It doesn’t matter how many years you’ve been playing guitar. There will always be something new to learn about chords: new types, new shapes, new fingerings, new inversions, new applications! This never-ending learning process is, in my opinion, one of the best things about guitar.
A question that I often asked by my students is which chords they should know. The answer is not simple as it depends on many factors. Therefore, today I’ll go through The Different Types Of Chords You Should Know depending on your level.
But, in fact, we all really need to learn most of them sooner, rather than later, so let’s get started with…
How to tell if you need to know a chord
Chords can be divided into two categories: the ones that you need to know and the ones that you don’t.
How can you tell the difference?
It all comes down to what you are playing and what your preferences are.
There are basic chords that everybody should know and practice. Those are mainly open chords and a few barre chords without any extension other than the seventh. If you’re still a beginner and you don’t know anything about chords theory, keep reading. I will explain the basics and why and when you should invest a bit more time learning about it.
Beyond these fundamental chords, everything else is optional. There are fantastic musicians that use the same few chords throughout their whole career. The key point to remember is that you should learn and practice a new type of chord only if you need it and if you’re going to use it.
Are you a huge fan of Bob Dylan, and your goal is to learn all his songs?
In this case, don’t waste your time learning and practicing power chords or crazy extensions like a b9b13 (b signifies a flat, while # stands for a sharp).
On the other hand, if you want to play punk rock, power chords will be your bread and butter, and anything beyond that will be worth learning only when and if you ever need it.
How not to learn a new shape
The biggest mistake when learning chords is to rely on memorizing hundreds of shapes without understanding the theory behind them. I’m obviously not talking about the very first beginner stage, where the main focus is to train your fingers, start playing, and generally have fun.
But if you always rely on chord charts, your knowledge will be limited and always dependent on your memory. Let’s imagine that you want to learn an A9 chord, and you look it up on the internet. You find a shape, you practice it for five minutes, but the next day, you have already forgotten it.
Where did I have to put my ring finger?
If you know how to build a ninth chord instead, you can come up with dozens of different fingerings and choose the one that you feel more comfortable with, and that fits better in the song that you’re playing. As soon as you start to introduce some theory in your practice and you get the hang of what a major scale is, you should go a bit deeper into chord theory.
The good news? It’s really simple, and the best part is that you can immediately put into practice what you learn.
Let’s see how it works…
And how to learn it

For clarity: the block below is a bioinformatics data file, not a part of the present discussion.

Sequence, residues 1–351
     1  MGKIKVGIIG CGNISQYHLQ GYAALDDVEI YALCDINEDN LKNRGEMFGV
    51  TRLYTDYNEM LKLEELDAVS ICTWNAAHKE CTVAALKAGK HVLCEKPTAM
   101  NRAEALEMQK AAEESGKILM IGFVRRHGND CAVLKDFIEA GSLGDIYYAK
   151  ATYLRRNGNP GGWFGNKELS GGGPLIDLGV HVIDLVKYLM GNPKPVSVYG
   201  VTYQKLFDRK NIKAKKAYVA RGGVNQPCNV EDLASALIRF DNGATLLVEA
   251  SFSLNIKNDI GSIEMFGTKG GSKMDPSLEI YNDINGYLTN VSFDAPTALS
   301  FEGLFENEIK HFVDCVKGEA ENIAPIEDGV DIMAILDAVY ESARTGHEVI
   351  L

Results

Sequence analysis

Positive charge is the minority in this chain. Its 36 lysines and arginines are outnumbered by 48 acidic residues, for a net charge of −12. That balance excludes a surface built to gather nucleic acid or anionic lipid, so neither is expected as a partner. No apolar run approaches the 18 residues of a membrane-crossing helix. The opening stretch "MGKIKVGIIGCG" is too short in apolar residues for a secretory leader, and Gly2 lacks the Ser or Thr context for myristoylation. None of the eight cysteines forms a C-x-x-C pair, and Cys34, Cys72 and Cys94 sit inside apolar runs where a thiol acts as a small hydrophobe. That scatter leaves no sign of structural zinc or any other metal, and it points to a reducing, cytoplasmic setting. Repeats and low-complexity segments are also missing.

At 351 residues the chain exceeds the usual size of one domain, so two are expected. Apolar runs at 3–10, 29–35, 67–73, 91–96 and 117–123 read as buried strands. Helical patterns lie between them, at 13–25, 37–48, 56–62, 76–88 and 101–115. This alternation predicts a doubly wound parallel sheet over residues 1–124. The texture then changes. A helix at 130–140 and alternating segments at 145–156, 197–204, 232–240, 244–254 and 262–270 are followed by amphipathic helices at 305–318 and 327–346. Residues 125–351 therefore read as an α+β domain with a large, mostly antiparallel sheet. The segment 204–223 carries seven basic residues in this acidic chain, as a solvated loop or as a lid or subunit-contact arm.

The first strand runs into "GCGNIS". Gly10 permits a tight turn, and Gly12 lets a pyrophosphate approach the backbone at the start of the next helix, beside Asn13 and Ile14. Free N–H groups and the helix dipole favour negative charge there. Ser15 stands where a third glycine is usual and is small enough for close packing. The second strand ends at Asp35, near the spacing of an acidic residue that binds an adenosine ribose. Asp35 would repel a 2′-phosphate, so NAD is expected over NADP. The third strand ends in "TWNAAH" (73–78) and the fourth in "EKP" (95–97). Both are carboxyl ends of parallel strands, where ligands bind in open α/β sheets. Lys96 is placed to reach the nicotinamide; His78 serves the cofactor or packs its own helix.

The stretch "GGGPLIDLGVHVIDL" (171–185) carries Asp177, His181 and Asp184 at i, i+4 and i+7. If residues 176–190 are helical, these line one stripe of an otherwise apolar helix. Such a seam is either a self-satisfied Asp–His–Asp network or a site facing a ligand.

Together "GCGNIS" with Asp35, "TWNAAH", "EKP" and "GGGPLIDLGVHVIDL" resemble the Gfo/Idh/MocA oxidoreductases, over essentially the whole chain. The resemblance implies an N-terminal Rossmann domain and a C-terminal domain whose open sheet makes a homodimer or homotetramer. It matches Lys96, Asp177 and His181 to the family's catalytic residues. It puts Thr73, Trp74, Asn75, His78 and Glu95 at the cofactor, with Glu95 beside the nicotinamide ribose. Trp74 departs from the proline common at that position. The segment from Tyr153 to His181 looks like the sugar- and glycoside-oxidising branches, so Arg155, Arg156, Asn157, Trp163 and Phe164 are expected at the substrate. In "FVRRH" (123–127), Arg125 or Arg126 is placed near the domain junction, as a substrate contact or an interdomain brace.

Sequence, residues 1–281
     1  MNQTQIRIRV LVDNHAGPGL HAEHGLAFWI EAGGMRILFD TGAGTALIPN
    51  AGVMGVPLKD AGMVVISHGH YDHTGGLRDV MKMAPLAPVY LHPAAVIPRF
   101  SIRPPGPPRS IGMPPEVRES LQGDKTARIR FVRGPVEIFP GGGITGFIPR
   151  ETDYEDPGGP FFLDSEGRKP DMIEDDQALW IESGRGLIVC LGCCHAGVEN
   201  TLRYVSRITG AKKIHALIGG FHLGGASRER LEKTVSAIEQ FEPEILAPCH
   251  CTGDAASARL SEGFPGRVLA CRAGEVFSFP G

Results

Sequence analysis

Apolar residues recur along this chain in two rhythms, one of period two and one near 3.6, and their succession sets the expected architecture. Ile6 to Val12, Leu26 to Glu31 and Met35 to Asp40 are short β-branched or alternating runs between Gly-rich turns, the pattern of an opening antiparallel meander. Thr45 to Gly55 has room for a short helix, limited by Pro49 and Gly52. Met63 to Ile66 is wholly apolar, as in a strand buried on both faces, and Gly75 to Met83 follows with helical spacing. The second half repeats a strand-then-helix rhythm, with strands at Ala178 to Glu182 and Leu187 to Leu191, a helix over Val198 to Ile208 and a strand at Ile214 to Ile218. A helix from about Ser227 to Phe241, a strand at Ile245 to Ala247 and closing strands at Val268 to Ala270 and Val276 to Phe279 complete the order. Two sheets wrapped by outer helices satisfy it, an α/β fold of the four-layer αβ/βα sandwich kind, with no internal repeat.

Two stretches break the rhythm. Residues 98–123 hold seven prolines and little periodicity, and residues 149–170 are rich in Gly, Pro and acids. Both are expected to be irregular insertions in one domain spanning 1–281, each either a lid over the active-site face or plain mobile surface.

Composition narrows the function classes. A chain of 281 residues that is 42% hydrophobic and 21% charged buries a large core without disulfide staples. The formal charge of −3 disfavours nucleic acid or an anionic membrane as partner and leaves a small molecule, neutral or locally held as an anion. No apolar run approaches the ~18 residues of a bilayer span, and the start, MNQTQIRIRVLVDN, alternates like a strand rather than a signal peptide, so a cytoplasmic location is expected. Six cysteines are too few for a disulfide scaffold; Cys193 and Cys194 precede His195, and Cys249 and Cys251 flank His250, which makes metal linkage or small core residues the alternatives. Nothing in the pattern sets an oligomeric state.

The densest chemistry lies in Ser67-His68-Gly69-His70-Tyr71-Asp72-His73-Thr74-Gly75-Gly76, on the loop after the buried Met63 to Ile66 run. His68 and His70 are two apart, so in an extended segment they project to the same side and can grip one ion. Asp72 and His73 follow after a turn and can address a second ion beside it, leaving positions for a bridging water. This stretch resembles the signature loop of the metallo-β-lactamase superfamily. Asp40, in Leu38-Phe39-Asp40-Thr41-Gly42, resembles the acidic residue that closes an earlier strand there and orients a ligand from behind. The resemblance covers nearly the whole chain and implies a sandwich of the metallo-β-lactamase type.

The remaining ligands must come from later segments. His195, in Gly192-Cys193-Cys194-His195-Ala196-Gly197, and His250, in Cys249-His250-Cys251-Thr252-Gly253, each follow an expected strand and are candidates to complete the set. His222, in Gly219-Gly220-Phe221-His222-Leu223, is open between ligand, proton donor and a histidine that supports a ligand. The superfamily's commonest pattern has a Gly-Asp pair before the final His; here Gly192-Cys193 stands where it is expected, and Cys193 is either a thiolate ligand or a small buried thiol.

Everybody knows what a C major scale is, right? C, D, E, F, G, A, B, and back to the C an octave higher. Without going into much detail, you can build a chord starting from any note or degree of any scale.
All the chords that we’ll talk about today are built in thirds, which means that you always skip one degree. If you want to build a C chord, you start with the C note, you skip one degree, then you use the E, you skip one more degree, and then you use a G.
As long as you know the name of the notes on your fretboard, you can combine the C, E, and G in any position, and you will always have a C chord. If you add the 7th degree (B in this case), you have a Cmaj7, etc., etc.
Majors and Minors
Whether the chord is minor or major depends on the distance between the first and the third degree. How many frets do you have between them on your guitar? If you have three frets, the chord is minor; if you have four, it will be major.
To fully understand chord theory and how to apply it on the guitar, I strongly recommend investing in a good book. Understanding How to Build Guitar Chords & Arpeggios helped me immensely when I finally decided that I needed to learn chord theory.
8 levels of chords
It’s now time to take a look at The Different Types Of Chords You Should Know.
I’ve decided to divide them into eight groups. The majority of the players normally learn them following this order, but keep in mind that this is not a strict rule. You might want to learn a diminished chord well before sus chords if you need it for a song.
As you progress in your journey, you’ll be able to decide by yourself whether you need all of them or just a few. As a general idea, everybody should know and be able to play any chord from the first five levels.
Level 1 – Open Chords
Open chords, which are sometimes referred to as cowboy chords, are the building blocks of any guitar player. Everyone should start from here and shouldn’t rush into more advanced material until they are mastered.
As time passes, you might decide that you don’t want to use them anymore. A jazz player will rarely find himself playing in the open position, but this doesn’t mean you don’t need them if you want to play jazz.
Open cords are challenging to learn at first, but not only will they allow you to play songs after a few days of practice, but also they will train your fingers to become more flexible and to move quickly. They also provide the theoretical background to lots of the more advanced chords, so everyone, regardless of the style they want to play, really has to get them down.